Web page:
THE DEVIL AND DANNA WEBSTER is the evocative coming-of-age tale of a sensitive high school sophomore who lives with her mother and disabled stepfathe THE DEVIL AND DANNA WEBSTER is the evocative coming-of-age tale of a sensitive high school sophomore who lives with her mother and disabled stepfather in a poor section of town—in a house full of secrets. She is a talented artist, but weak in geometry, and somewhat reluctantly accepts tutoring from the handsome football quarterback, Gar Hansen. A nice “catch” indeed, for he is kind and thoughtful, and her parents adore him. But then the exuberant womanizer, Kevin Moore, interrupts her routine life with bold talk and a shiny red Corvette--a gift from his rich, dysfunctional parents. And worse: his snobby sister Caron is trying to pull Gar into her sensual net. Kevin, with his “carpe diem” philosophy, is a wild fellow: aggressive, yet full of charm and persuasion that makes it hard for Danna to refuse him. Author Seewald draws a full- bodied portrait of Kevin, complete with flaws that, oddly, render him even more complex and interesting to this reader than the steadfast Gar. Through a commissioned portrait Danna paints of his sister, Kevin actually takes her a step closer to becoming a professional artist. It is to Seewald’s credit that she doesn’t portray Danna as a victim or Kevin as a total predator--but shows us both the devil and the angel in him. But those who have read Milton’s Paradise Lost know how seductive a devil can be! The title itself, a riff on the famous tale of “The Devil and Daniel Webster,” is nicely woven into the novel with the occasional appearance of a tall dark man, a sort of double for Kevin who tries to seduce Danna, and make her “sell her soul” to him. So Danna, herself a descendent of Webster, must try to face the creepy fellow down. Readers will admire the way she does this! Seewald moves deftly back and forth between friends, boyfriends, and parental concerns—trying to overcome a rift between herself and her grumbly stepfather--and we watch her slowly realize who she is as a person. A dramatic discovery in the attic about her past adds to the identity process, and helps her to think independently—and to choose wisely. Her “brainy” friend Joyce helps, too, and shows the reader how important a true friend can be. On the whole, this is a well written, beautifully paced novel with lots of clever dialogue, excellent in-depth characterization—as well as sweet bits of romance.
It was the setting, the mystical atmosphere, that first pulled me into the tale of The Third Eye. To resolve a haunted past, the "emotionally delicateIt was the setting, the mystical atmosphere, that first pulled me into the tale of The Third Eye. To resolve a haunted past, the "emotionally delicate" artist Ariel has brought her husband and sons, Raven and Jim, to the Pine Barrens of N.J. A "wild and desolate" Tolkien-like forest which Ariel envisions full of "trees twisting in wind," the Barrens is a place her one might hear the cries of the mystical Jersey Devil, or for young Jim, the keening barn owls, "like troubled spirits of the dead." The fearsome white stag might appear, its presence auguring death--as it does one day when Jim and his schoolmate Mary discover the bludgeoned body of Nora Butler, a woman unhappily wed to the "bone-deep ugly Orlo." And when Jim stumbles on the bloody corpse of Nora's employer, Derrick Sawyer, his mother Ariel, blood kin to both victims, becomes a suspect. The story moves quickly forward to a thrilling resolution through the eyes and ears of Jim, Raven, Ariel and other intriguing persons. Jim puts his own life in peril to save his mother, and in the process, learns to see the world and himself--short though he is--through a new lens. The novel is filled with finely drawn, believable characters (one can't help but want to hug Jim), sharp,crisp dialogue, a sweet hint of romance, a plot-ful of surprises, and above all, a deeply realized sense of place. The Third Eye kept this reader under its spell for long hours after she--reluctantly--turned the last magical page....more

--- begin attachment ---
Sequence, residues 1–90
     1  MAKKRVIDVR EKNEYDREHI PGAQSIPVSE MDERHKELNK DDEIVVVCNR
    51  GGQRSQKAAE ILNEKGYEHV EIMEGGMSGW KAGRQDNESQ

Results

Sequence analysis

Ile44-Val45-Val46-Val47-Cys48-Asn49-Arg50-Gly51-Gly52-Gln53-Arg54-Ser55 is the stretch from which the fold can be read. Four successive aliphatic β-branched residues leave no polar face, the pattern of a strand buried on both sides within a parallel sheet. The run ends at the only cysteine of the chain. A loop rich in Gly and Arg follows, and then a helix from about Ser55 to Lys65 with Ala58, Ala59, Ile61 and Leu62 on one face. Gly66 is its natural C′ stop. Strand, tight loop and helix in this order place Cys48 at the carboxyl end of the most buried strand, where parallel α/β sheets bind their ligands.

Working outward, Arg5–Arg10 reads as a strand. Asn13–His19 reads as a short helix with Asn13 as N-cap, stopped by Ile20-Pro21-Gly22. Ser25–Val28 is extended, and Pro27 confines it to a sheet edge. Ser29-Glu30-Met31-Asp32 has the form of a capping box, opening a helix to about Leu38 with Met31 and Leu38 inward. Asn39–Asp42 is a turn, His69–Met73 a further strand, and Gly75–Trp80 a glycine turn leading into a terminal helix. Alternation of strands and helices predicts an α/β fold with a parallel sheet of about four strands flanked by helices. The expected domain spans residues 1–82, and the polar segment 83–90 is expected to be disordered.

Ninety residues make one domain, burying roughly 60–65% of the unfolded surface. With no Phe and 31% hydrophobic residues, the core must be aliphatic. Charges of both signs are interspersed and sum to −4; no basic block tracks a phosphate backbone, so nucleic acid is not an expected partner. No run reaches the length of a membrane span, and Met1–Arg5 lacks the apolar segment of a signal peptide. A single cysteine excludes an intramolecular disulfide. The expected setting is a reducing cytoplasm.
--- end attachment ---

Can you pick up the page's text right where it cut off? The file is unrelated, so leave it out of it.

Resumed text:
As a Vermonter passionate about history, and in particular, the long journey-quest of the local Abenaki people to gain respect and official recognitioAs a Vermonter passionate about history, and in particular, the long journey-quest of the local Abenaki people to gain respect and official recognition in our state, I've found myself wholly captivated by Leslie Wheeler's Murder at Spouter's Point. Amateur sleuth historian Miranda, a favorite of mine through two other "living history" mysteries is once again her feisty, wholly engaging self. Yet it's her outspoken, volatile lover, Native Amderican Nate Barnes, who pulls me most intensely into the story. I can't help but admire his passion for his people, his culture, and his stubborn loyalty to his tribal friend Jimmy, a victim of bias who flees after becoming prime suspect for the death of a young woman's fiance. Together, Miranda and Nate combat superstition, deep-seated angers and prejudice in their resolve to discover the truth behind the killing. Through superb storytelling and characterization, along with a fascinating lesson in Native American and whaling lore (don't miss those delightul epigraphs from Moby Dick and a variety of sea chanty songs), Wheeler whips the ship of fiction into a heart-pumping climax. This beautifully researched novel has everything: an evocative history, suspenseful mystery, great characters--even a splash of romance. As reader, my only mistake was to take the book to bed with me--turning away sleep until the last thrilling page. ...more